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Holding a Contest

How an anniversary contest can make your business the talk of the town

Q: My office supply store in Denver is celebrating its 10th anniversary in a few months. When I called the local newspaper, the reporter I talked to wasn't interested. Is there anything I can do with our celebration that will make reporters and TV stations pay attention to us?

A: Business birthdays aren't news. Anniversaries aren't either. Everybody has them, and nobody but the owner gives a hoot.

In celebration of your 10th anniversary, sponsor a fun contest. I guarantee you'll have everybody in town talking about your store.

Ask people to write, in 50 words or less, why someone at their company deserves the distinction of having "The Messiest Desk in Denver." Print ballots and place them next to your cash registers. Do a direct mailing to your regular customers and local companies. Post a ballot at your Web site. Write a news release announcing the contest, and send it to your local newspapers.

You can even get the morning drive-time disc jockey involved. Ask if you can come to the radio station unannounced and give your own award to the person who has the messiest desk. The deejay can announce it on the air as a way to kick off the contest. Give away a cool grand prize, such as new furniture for their home office and a two-hour consultation with a professional organizer.

Keep thinking about other clever angles. Track down a few local celebrities who are "neat freaks," and ask them to serve as judges. When you announce the winner, have the celebrity judges present the award. Be sure to ask the winner beforehand if it's okay if the TV stations film the awards ceremony in front of the messy desk.

Want to have people talking about you long after the anniversary is over? Throw in a traveling trophy and make the contest an annual event.

Here are some other ideas for anniversary contests:

  • A gourmet coffee shop can announce a "Brunch on the Boss" contest like Donald Jones, owner of New York Brunch Basket in Atlanta, did a few years ago. He teamed up with a local radio station that awarded a daily brunch basket-complete with muffins, jam, fresh-squeezed juice and that day's The New York Times-to the boss whose employee wrote a winning letter extolling the boss's virtues. The contest started out weekly but became so popular that the station did it each weekday morning for an entire year.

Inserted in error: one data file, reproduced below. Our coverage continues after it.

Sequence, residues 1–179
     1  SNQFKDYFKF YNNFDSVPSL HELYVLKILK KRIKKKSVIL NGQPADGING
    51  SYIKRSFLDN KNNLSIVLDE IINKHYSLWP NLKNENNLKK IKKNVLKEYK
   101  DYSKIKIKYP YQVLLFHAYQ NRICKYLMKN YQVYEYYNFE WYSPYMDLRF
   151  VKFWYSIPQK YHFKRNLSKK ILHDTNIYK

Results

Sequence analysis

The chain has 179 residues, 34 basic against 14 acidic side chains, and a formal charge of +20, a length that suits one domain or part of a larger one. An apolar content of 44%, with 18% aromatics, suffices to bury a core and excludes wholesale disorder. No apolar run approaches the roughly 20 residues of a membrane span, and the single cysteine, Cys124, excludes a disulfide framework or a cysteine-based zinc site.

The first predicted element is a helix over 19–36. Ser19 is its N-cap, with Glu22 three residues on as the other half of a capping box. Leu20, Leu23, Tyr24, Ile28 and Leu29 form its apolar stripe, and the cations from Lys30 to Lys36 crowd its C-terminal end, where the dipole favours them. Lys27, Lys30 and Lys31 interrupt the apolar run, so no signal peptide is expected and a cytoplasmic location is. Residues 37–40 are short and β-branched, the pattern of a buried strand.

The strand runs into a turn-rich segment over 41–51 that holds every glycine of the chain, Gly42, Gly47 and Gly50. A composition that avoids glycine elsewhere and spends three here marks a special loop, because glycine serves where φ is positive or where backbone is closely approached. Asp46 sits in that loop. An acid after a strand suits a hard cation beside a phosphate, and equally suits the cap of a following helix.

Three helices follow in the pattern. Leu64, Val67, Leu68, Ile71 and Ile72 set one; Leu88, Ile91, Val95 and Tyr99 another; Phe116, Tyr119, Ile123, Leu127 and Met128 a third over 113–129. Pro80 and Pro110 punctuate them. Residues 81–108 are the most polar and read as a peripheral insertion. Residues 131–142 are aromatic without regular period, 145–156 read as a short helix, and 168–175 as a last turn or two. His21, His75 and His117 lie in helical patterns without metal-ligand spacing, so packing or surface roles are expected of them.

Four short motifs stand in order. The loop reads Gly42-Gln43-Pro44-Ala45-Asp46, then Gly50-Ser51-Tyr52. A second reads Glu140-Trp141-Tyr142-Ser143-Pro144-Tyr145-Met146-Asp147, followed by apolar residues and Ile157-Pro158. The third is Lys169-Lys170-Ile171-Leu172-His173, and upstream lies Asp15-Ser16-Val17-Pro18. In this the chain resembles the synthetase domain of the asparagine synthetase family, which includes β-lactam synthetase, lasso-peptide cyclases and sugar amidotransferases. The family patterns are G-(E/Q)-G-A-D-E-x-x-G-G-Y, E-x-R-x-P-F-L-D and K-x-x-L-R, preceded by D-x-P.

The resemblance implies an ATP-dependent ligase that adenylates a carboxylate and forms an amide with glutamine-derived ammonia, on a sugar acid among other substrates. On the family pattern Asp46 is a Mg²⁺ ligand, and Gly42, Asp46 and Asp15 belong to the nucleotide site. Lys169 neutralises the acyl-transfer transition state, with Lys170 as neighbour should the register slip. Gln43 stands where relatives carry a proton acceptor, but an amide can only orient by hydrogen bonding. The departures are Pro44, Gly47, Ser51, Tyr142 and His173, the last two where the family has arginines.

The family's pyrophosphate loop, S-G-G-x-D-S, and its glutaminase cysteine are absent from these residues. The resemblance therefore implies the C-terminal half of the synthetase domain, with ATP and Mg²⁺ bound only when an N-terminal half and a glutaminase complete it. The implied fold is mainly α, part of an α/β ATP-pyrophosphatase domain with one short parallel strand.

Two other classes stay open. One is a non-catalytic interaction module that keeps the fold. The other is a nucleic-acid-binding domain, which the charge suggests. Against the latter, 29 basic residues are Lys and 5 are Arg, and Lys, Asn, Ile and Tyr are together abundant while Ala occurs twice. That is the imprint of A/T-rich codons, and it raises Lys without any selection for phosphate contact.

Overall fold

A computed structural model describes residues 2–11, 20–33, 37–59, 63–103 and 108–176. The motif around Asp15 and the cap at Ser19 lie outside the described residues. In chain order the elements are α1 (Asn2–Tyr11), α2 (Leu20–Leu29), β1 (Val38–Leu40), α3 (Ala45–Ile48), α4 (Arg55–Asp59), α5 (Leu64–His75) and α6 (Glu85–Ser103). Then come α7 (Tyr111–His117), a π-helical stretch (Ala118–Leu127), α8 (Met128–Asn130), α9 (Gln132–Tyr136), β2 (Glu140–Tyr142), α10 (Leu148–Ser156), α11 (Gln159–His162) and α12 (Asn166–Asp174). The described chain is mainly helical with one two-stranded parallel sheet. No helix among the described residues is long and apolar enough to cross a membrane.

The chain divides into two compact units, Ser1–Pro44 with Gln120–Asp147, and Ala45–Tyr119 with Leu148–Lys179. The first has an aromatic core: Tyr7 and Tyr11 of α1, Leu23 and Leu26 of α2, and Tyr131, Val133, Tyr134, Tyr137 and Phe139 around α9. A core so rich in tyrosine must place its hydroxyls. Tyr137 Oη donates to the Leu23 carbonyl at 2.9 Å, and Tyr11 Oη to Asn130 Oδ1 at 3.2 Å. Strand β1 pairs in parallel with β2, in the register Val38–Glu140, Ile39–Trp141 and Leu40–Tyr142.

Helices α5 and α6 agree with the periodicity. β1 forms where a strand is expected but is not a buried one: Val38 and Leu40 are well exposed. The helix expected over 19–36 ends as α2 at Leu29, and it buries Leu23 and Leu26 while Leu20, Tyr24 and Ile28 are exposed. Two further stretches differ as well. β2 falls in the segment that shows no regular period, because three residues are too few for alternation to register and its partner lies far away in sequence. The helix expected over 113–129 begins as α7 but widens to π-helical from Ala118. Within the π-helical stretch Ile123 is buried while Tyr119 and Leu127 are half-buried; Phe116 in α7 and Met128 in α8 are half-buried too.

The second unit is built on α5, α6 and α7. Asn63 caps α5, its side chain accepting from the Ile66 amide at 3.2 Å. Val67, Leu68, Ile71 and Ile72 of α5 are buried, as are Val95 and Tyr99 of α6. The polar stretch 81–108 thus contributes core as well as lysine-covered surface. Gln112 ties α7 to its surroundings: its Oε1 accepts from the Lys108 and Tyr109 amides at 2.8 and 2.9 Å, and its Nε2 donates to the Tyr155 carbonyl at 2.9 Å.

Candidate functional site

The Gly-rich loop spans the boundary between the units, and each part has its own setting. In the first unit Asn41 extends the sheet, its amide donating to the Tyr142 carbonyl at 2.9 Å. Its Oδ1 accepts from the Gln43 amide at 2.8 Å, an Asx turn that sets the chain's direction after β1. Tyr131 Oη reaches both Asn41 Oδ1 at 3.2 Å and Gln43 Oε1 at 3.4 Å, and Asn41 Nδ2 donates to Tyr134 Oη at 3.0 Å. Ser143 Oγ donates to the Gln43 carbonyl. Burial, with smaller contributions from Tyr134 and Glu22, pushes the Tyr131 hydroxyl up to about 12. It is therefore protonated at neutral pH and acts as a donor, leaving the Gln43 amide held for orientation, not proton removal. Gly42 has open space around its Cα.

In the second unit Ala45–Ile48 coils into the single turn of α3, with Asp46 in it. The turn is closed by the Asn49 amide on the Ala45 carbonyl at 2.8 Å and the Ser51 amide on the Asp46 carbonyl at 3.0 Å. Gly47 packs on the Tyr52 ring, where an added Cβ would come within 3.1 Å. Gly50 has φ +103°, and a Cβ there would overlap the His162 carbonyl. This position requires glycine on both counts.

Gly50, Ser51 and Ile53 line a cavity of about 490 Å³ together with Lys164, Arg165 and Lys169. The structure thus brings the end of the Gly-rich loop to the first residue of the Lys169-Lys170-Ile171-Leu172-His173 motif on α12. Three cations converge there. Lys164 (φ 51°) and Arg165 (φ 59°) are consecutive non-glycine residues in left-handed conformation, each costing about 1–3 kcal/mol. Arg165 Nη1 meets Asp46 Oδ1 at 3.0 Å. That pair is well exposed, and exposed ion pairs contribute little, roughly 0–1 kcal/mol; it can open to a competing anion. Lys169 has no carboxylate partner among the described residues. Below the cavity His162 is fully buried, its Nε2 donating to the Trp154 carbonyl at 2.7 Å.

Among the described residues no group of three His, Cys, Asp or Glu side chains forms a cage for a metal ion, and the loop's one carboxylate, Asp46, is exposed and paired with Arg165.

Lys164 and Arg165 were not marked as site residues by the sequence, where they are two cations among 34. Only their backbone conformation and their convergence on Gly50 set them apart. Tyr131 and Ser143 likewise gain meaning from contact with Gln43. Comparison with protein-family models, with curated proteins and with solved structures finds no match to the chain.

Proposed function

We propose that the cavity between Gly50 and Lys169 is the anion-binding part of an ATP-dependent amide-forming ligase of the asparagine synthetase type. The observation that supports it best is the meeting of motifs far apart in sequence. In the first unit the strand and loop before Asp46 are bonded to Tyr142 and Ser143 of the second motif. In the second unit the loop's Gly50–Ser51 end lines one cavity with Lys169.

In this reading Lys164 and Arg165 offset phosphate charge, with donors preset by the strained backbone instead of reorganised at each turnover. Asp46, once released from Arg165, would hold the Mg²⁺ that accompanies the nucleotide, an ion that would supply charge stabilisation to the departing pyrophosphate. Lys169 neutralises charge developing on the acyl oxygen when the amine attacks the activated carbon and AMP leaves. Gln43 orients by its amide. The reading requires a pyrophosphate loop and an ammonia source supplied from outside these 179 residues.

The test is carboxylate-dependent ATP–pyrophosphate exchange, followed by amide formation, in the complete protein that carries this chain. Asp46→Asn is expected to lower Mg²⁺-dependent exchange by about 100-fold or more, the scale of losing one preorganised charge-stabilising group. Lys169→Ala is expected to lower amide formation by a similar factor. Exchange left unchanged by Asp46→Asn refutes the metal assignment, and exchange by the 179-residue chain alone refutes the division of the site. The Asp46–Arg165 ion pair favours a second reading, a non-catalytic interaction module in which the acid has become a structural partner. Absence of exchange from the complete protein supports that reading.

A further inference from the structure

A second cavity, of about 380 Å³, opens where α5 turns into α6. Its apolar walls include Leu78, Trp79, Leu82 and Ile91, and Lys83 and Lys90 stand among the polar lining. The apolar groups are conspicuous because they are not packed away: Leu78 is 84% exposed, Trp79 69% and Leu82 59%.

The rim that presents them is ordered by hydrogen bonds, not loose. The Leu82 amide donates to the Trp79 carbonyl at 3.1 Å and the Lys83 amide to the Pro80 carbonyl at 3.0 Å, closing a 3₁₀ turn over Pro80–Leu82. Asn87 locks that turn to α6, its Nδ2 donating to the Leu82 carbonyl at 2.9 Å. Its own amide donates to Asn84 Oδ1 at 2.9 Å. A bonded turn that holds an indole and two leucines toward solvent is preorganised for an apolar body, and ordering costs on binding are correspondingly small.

• A travel agency can sponsor a "Horrible Honeymoon" contest on its 13th anniversary. The winner gets a free trip.
  • A frame shop can have fun with a "My Favorite Photo" contest. Ask a local newspaper to co-sponsor the contest and print the winning photos.
  • A men's clothing store can sponsor an "Ugly Tie Contest." Display the most ghastly nominees. Then ask people to visit your store and cast ballots. The winner gets a fashion makeover.

If you're short on clever contest ideas, ask your own employees for help. In fact, turn it into a competition. The employee with the best idea gets a day off with pay. Now that's a contest.

Joan Stewart, a media relations consultant and professional speaker and trainer, works with companies that want to use the media to establish their expertise, enhance their credibility and position themselves as the employer of choice. She also publishes The Publicity Hound, a bimonthly print newsletter featuring "tips, tricks and tools for free (or really cheap) publicity," as well as tips booklets on how to find and keep valuable employees. Visit www.publicityhound.com.


The opinions expressed in this column are those of the author, not of Entrepreneur.com. All answers are intended to be general in nature, without regard to specific geographical areas or circumstances, and should only be relied upon after consulting an appropriate expert, such as an attorney or accountant.

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